Learn how to program a robotic car in 7 weeks

January 27, 2012 · Posted in innovation, prediction ·  


Two years ago in “Why We Don’t Have Flying Cars, Yet” I explained why automation is the next big innovation for vehicles, not alternative energy.

Standford is offering a 7 week undergraduate class teaching how to program a self-driving car. Automation improves the under-satisfied outcome of cars but it is also technologically easier to make than low-cost long range batteries for an electric car.

The Predictive Innovation report the video was based on was first offered to GM but they turned it down. European and Asian car companies used the information and are now selling cars with automated driving features.

Volvo XC60Volvo’s XC60 has a City Safety feature that automatically brakes to prevent crashes. It’s a pure gasoline car with lots of room and power. It is priced about the same as the Chevy Volt, although doesn’t receive any of the government incentives.

2011 US Car Sales
Car Units Sold
Chevy Volt 7,671
Volvo XC60 12,932

The Volvo XC60 with City Safe automatic braking sold 68% more cars in the USA than Chevy Volt. So not only was it easier to build, and thus more profitable, it sold more units. The automated car is more desirable to customers. One of the key points of the report was to offer incremental improvements with meaningful value to customers. That made sure the new features were high quality and low cost.

In addition to satisfying safety, automated cars are better for the environment than an electric car. Electric cars just shift the source of pollution from burning gasoline in the car to burning coal at a power plant. Automated cars use less energy.

First, replacing or repairing a car damaged in an accident uses more energy than the car ever will from driving it. And how can you count the cost of injuries and deaths?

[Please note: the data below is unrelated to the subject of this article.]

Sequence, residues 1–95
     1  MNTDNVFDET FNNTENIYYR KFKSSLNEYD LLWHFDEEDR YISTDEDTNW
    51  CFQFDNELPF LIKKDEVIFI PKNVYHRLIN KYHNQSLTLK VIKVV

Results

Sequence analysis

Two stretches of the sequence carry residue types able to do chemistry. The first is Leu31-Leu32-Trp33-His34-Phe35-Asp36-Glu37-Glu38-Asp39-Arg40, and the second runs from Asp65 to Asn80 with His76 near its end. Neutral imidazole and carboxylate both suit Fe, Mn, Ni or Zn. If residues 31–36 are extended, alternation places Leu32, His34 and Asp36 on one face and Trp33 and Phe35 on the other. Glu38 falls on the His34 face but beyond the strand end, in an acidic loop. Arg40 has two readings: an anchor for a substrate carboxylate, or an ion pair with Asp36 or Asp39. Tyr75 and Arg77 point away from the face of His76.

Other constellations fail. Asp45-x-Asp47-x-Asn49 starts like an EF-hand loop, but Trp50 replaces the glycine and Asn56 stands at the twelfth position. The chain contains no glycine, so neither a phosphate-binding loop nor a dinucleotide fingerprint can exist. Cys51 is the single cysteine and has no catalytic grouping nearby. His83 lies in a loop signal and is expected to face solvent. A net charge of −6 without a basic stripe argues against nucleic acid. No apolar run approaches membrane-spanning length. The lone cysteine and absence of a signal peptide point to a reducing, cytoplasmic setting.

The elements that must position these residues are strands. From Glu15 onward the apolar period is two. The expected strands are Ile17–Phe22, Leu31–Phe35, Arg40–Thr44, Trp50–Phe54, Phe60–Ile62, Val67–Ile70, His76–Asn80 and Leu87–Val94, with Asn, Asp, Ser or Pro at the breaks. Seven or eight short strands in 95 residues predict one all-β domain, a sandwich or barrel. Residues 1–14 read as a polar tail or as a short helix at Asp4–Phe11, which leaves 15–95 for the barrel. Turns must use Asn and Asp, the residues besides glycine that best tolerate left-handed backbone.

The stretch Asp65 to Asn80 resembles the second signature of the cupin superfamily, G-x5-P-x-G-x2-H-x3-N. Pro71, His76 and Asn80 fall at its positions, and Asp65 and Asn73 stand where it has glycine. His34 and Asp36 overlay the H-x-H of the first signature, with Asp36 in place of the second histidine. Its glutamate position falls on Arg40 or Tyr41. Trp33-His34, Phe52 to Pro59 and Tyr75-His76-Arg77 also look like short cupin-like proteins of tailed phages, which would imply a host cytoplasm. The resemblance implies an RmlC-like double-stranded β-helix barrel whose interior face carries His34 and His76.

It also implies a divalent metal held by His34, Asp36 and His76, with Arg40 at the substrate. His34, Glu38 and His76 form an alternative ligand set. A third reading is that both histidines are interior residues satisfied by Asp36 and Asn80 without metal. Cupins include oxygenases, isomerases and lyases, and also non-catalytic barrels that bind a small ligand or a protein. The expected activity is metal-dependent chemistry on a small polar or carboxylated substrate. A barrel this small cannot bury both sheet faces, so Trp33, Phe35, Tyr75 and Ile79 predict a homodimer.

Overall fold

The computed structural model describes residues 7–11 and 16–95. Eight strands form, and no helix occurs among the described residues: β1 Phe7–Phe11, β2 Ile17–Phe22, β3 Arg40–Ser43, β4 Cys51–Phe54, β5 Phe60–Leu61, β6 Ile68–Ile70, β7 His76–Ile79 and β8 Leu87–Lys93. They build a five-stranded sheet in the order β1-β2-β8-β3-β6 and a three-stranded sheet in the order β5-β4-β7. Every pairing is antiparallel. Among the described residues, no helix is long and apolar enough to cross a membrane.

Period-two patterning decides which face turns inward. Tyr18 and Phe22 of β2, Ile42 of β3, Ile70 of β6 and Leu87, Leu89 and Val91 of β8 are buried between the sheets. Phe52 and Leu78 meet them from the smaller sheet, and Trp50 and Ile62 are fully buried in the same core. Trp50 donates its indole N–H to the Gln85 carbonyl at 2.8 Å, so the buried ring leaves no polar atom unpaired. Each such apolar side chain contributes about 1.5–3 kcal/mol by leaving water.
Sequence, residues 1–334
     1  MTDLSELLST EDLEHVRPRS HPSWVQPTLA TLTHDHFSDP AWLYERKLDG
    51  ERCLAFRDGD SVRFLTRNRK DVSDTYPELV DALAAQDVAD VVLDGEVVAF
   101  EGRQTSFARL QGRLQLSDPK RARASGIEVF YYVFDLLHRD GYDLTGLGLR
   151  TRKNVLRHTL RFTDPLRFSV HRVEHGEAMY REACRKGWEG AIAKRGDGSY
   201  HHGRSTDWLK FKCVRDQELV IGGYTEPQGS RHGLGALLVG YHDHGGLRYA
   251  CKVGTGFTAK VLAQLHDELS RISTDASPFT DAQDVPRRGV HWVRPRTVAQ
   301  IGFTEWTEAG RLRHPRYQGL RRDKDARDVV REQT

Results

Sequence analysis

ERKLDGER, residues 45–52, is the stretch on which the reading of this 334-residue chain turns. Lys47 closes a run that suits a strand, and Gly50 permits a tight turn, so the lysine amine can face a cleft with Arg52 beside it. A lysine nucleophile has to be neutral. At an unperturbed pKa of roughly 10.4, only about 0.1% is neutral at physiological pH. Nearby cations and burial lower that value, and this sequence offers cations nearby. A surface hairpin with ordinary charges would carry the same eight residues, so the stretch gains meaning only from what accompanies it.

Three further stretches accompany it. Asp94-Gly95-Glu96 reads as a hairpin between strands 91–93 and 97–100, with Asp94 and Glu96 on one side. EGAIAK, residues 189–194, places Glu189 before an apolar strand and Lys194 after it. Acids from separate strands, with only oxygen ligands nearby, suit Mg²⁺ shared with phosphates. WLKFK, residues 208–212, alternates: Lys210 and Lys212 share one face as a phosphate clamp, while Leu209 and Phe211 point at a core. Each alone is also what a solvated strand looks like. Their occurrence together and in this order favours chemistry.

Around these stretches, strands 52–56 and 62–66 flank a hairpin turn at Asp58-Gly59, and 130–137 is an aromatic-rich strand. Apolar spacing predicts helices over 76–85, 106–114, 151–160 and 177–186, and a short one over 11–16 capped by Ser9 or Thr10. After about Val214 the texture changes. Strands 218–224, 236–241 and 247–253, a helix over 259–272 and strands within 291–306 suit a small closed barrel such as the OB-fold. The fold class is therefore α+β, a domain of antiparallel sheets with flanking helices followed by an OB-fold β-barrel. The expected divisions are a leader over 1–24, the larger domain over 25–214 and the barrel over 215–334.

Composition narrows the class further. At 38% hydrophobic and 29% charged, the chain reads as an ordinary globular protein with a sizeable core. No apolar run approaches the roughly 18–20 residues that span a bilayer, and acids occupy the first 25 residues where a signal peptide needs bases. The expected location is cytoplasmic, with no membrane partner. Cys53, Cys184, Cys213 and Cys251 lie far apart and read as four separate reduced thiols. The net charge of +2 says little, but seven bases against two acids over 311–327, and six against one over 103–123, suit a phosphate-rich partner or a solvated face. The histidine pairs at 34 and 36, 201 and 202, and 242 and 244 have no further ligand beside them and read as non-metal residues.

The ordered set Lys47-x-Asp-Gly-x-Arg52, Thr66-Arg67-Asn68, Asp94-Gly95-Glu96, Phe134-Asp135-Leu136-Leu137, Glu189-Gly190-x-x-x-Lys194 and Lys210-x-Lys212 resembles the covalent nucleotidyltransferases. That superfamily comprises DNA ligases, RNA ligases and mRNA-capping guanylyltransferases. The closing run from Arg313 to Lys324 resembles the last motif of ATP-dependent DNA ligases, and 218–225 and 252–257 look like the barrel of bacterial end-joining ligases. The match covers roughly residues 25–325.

Secondly, by reducing traffic congestion automated cars can save energy for all the cars on the road while reducing drive times and frustration.

Automation in vehicles is still a big innovation opportunity.

Rising Income Inequality & Shifting Identities – The Specialist & The Omnivore

May 14, 2011 · Posted in abundance, economics, prediction ·  

Rising Income Inequality & Shifting Identities – The Specialist & The Omnivore
An excellent explanation of the effects of the transitions from economy to abundance. As technology increases, ownership of things that make things (physical capital) will be more important and relationships will eventually become the only scarce good.

Women's fashion innovation hides camel toe

April 11, 2011 · Posted in innovation, prediction ·  


Camel toes occurs when a woman’s pants are too tight the fabric rides up expose the shape of her intimate area. Smooth Groove prevents the embarrassing effect.

This product follows in a long line of women’s undergarments that strategically reveal or conceal some portion of the figure. The obvious solution for camel toe is to not wear pants that are so tight they leave nothing to the imagination. The goal of such tight pants is to leave a select bit to the imagination, and thus the opportunity for Smooth Groove. The maker put a lot of thought into the design of the product and the image for the product.

Now that Smooth Grove is available to prevent displaying camel toe expect another product that artificially creates it. Wearing pants that are tight enough to expose the shape underneath is uncomfortable. It would be much more comfortable and potentially esthetically pleasing to wear a “New Groove”.

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